EXPLORE
By Mike Giuliano | March 16, 2012
Columbia Pro Cantare is marking the 150th anniversary of the birth of two composers who were born in 1862, Debussy and Delius, as well as the 100th anniversary of the death of Massenet in 1912, at its concert Sunday, March 18 at 3 p.m. at First Evangelical Lutheran Church, in Ellicott City. Those long-dead European composers are worth commemorating, of course, but Howard County concert-goers can't be blamed for also showing interest in the local classical debut of a home-grown talent.
ENTERTAINMENT
By Jonathan Pitts and Jonathan Pitts,SUN STAFF | January 27, 2005
When a lavish new production of the Rodgers and Hammerstein musical The King and I arrives at the Hippodrome next week -- its third stop on an 11-month national tour -- theater fans will have a chance to see the work of one of America's more prodigious actresses. Millions know Stefanie Powers as the glamorous, crime-stopping star of such TV series as The Girl From U.N.C.L.E. (1967-68) and Hart to Hart (1979-84), but in a five-decade career that began in Hollywood at the age of 15, she has also starred in multiple motion pictures (The Interns, McClintock!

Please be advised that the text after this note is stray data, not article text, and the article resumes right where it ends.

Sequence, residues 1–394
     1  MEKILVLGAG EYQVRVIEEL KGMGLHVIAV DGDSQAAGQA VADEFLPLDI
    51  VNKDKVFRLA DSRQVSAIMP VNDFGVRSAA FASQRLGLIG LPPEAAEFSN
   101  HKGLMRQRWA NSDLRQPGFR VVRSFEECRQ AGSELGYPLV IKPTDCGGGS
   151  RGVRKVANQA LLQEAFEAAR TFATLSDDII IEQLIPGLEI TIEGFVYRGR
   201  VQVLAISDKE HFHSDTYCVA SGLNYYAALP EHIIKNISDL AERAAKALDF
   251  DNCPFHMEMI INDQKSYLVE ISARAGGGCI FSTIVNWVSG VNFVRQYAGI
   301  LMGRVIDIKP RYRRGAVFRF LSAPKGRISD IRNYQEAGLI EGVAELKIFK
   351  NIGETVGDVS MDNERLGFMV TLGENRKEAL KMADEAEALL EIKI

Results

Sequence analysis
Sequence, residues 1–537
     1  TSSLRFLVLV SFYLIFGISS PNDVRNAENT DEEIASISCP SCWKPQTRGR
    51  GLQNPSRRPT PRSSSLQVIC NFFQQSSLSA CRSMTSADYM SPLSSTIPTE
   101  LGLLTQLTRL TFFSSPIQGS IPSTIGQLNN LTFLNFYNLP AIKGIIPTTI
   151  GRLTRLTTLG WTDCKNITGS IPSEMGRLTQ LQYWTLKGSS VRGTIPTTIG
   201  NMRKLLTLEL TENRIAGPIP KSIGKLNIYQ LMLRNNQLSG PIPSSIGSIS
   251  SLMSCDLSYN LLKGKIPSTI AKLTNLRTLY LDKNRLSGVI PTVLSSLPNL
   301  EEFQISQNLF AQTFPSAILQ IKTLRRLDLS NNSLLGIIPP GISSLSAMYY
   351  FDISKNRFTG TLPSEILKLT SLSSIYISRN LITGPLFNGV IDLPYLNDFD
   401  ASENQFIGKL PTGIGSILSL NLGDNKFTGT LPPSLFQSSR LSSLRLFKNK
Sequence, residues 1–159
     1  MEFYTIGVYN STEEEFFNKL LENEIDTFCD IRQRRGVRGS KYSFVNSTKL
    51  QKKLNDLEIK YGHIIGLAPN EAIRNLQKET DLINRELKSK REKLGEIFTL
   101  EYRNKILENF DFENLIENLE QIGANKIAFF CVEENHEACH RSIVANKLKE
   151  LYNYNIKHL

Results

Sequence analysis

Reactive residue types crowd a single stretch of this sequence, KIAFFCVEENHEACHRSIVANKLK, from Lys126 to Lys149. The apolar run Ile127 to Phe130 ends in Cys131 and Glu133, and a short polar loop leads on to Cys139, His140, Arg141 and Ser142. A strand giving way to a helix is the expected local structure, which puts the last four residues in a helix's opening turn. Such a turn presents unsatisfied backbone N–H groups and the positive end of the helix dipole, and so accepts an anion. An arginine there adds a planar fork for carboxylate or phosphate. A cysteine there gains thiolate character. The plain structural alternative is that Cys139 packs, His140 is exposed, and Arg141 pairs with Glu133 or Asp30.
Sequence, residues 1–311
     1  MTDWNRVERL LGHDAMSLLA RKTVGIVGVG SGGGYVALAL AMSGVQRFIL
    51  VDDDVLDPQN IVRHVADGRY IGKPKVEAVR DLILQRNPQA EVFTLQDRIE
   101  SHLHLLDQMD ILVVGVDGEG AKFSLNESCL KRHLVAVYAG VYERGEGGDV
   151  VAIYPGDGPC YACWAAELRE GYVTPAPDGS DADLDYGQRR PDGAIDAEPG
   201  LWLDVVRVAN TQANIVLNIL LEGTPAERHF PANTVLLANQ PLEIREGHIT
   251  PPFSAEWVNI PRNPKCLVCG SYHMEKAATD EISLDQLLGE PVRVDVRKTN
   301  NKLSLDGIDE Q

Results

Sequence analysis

ENTERTAINMENT
By J.D. Considine and J.D. Considine,Sun Pop Music Critic | February 24, 2000
Audra McDonald How Glory Goes (Nonesuch 79580) What a pathetic thing the musical theater has become. It isn't just that the shows themselves are lacking, replacing the luxuriant melodies of George Gershwin, Cole Porter and Richard Rodgers with the second-hand hooks of Andrew Lloyd Webber; the singers, too, seem scaled down, relying on amplification and inflection to achieve what real vocal power and tone used to accomplish. Thank God for Audra McDonald. Not since Barbara Cook and Barbra Streisand has there been a singer who so completely conveys what musical theater is about.
FEATURES
By J. Wynn Rousuck and J. Wynn Rousuck,SUN THEATER CRITIC | April 21, 2005